Supreme Court
Supreme CourtIsrael news photo: Flash 90

Was the Supreme Court building in Jerusalem designed in accordance with the ideology of the secret order of Freemasons? Gilit Chomsky, a respected writer, has devoted an article to this question in Maariv-NRG.

Chomsky says that the evidence of Masonic intervention in the building's planning is hard to deny. Right at the entrance to the building, she notes, the sign thanking the donors whose funding made its construction possible features the “Eye of Providence” – a well-known Masonic symbol that represent's G-d's all-seeing eye, which also appears on the U.S. Dollar bill.

Chomsky cites evidence that has been put forth by an amateur historian, Elad Pressman, in a website – – devoted to conspiracy theories. Pressman, 27, is a student of philosophy and mathematics.

According to Pressman, the building is full of Masonic imagery, and the tours conducted through it are held in accordance with Masonic principles.

Chomsky notes that the Freemasons exist as a recognized organization in Israel and that people who want to join them can do so. A study by Yuval Kaspi and Lilach-Shira Gavish has established that large parts of Tel Aviv were built by people who belonged to the Freemasons and other secret groups with names like Bnei Moshe, Bnei Brit (no connection to the better known B'nai Brith) and Bnei Tzion – which were established by former Freemasons and imitated Masonic ideology, with an added Jewish angle.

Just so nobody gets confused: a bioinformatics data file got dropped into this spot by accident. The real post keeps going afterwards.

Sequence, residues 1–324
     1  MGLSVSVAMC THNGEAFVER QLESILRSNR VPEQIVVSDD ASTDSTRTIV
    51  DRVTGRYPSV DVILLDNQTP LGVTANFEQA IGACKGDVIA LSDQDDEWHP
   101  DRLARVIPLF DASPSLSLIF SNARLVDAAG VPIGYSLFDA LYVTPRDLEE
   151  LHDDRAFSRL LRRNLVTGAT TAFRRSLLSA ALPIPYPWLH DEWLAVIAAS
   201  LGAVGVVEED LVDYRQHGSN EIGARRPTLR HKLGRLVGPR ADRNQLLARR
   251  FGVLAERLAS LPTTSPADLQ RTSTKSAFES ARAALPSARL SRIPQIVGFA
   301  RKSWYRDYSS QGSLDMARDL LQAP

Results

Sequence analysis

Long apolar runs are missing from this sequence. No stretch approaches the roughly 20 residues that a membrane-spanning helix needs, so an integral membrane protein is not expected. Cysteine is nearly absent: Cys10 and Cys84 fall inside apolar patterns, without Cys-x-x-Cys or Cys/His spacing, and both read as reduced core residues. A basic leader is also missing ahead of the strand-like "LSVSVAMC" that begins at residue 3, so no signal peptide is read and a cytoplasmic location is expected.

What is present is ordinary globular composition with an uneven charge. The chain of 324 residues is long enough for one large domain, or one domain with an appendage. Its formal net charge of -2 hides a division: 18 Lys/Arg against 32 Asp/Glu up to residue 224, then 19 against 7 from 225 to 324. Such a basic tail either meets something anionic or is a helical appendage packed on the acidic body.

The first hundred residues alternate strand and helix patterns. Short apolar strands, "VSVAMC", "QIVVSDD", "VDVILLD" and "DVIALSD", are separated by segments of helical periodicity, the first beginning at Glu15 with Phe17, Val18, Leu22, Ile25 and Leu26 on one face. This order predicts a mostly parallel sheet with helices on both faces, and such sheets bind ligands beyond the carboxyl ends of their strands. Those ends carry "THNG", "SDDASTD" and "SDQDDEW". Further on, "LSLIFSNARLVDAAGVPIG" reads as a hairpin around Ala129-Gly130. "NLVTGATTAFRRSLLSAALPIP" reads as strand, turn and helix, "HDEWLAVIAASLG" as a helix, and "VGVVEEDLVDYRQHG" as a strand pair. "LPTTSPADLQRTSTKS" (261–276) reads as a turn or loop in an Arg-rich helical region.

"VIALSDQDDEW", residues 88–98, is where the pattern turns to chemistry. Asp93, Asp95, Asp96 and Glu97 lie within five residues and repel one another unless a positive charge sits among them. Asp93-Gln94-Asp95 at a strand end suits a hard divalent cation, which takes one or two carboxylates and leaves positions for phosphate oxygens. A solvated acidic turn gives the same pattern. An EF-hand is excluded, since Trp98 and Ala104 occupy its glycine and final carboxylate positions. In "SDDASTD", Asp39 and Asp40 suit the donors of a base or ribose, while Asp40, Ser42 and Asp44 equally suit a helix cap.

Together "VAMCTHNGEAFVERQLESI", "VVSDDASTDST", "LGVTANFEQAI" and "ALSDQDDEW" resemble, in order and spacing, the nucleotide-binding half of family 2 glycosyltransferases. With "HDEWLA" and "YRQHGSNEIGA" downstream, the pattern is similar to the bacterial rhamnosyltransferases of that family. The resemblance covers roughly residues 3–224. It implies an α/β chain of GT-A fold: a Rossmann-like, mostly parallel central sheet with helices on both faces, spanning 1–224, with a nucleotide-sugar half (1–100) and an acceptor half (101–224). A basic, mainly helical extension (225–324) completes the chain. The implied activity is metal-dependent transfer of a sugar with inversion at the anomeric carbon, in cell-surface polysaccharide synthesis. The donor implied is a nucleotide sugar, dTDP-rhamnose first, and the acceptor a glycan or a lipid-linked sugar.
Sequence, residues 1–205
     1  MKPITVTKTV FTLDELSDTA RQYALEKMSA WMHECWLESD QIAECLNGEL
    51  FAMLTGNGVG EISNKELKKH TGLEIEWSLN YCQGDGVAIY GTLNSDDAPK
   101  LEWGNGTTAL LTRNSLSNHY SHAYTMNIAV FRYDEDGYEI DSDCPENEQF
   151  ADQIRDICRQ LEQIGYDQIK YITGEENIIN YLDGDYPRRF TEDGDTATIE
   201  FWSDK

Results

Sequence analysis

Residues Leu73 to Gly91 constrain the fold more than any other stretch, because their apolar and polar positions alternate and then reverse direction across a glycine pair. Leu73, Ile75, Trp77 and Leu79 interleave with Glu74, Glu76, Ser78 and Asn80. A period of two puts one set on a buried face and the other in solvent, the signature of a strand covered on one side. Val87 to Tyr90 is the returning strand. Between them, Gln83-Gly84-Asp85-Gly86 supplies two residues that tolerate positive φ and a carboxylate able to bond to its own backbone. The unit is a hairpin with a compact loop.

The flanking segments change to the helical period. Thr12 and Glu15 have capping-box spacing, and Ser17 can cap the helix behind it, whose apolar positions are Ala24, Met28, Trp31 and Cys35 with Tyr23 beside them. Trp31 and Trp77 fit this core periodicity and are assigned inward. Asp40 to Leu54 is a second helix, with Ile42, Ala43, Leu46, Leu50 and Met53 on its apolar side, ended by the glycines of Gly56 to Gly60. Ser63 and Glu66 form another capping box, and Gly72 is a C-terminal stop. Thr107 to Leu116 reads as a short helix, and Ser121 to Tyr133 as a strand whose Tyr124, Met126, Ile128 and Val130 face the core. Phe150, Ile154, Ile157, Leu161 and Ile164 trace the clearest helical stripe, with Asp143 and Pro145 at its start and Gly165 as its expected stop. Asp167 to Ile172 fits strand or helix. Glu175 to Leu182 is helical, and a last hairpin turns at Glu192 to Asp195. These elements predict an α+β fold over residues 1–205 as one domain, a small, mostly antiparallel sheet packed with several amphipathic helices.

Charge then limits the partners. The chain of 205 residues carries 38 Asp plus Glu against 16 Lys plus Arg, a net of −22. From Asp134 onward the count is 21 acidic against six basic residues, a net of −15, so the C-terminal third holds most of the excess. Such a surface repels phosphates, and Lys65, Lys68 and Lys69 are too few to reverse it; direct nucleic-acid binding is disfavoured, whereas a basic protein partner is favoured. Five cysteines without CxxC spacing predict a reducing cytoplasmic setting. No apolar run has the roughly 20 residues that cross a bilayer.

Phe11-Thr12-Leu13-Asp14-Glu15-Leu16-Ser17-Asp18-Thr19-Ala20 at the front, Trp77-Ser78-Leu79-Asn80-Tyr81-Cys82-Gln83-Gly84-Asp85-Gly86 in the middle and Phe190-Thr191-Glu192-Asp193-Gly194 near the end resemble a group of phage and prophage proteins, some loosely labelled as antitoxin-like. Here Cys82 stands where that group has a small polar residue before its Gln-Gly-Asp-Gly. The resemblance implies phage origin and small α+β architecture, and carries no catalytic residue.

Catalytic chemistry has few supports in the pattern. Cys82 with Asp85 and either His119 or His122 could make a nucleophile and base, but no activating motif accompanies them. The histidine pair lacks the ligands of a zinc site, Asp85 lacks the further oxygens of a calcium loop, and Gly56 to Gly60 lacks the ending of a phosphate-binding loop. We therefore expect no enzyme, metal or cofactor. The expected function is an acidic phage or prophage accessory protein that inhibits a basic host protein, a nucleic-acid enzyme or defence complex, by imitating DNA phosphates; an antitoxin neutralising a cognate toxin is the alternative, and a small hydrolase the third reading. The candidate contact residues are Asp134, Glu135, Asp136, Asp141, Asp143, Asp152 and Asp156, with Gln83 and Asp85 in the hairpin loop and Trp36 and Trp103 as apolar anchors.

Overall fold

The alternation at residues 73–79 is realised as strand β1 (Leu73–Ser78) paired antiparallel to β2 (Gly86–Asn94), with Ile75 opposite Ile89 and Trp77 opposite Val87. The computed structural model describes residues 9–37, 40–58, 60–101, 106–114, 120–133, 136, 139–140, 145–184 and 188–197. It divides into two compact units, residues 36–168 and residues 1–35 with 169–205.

The Supreme Court building in Jerusalem, notes Chomsky, was built in 1992, with funding that had been offered by the Yad Hanadiv foundation. Many members of the Rothschild family, which owns Yad Hanadiv, were proud members of the Freemasons, she says.

A person taking part in the tour of the Supreme Court ascends inside a pyramid which peaks on the roof of the court building. There is a hole in the tip of the pyramid, which represents – according to this explanation, the Eye of Providence.

The tourist climbs thirty steps to reach the top of the building, and ascends from a relatively dark entrance lobby to a well lit top floor with a beautiful view of Jerusalem. Chomsky explains that this can be seen as corresponding to an ascent to enlightenment, in accordance with the mason's beliefs. The number 30 represents the first thirty levels a Mason can achieve in his life, out of a total of 33. The last three levels might be located in the library, which is divided into three floors. The first floor is for lawyers, the second for active judges, and the third for retired judges only.

Chomsky notes, however, that while the Rothschilds donated the money for the building, they did not plan it. The architects who planned the structure – Ada Carmi-Melamed and her brother, Ram Carmi – were chosen in a competition that was held in 1986. In a book they wrote about the planning of the structure, they make no mention of Masonic ideology.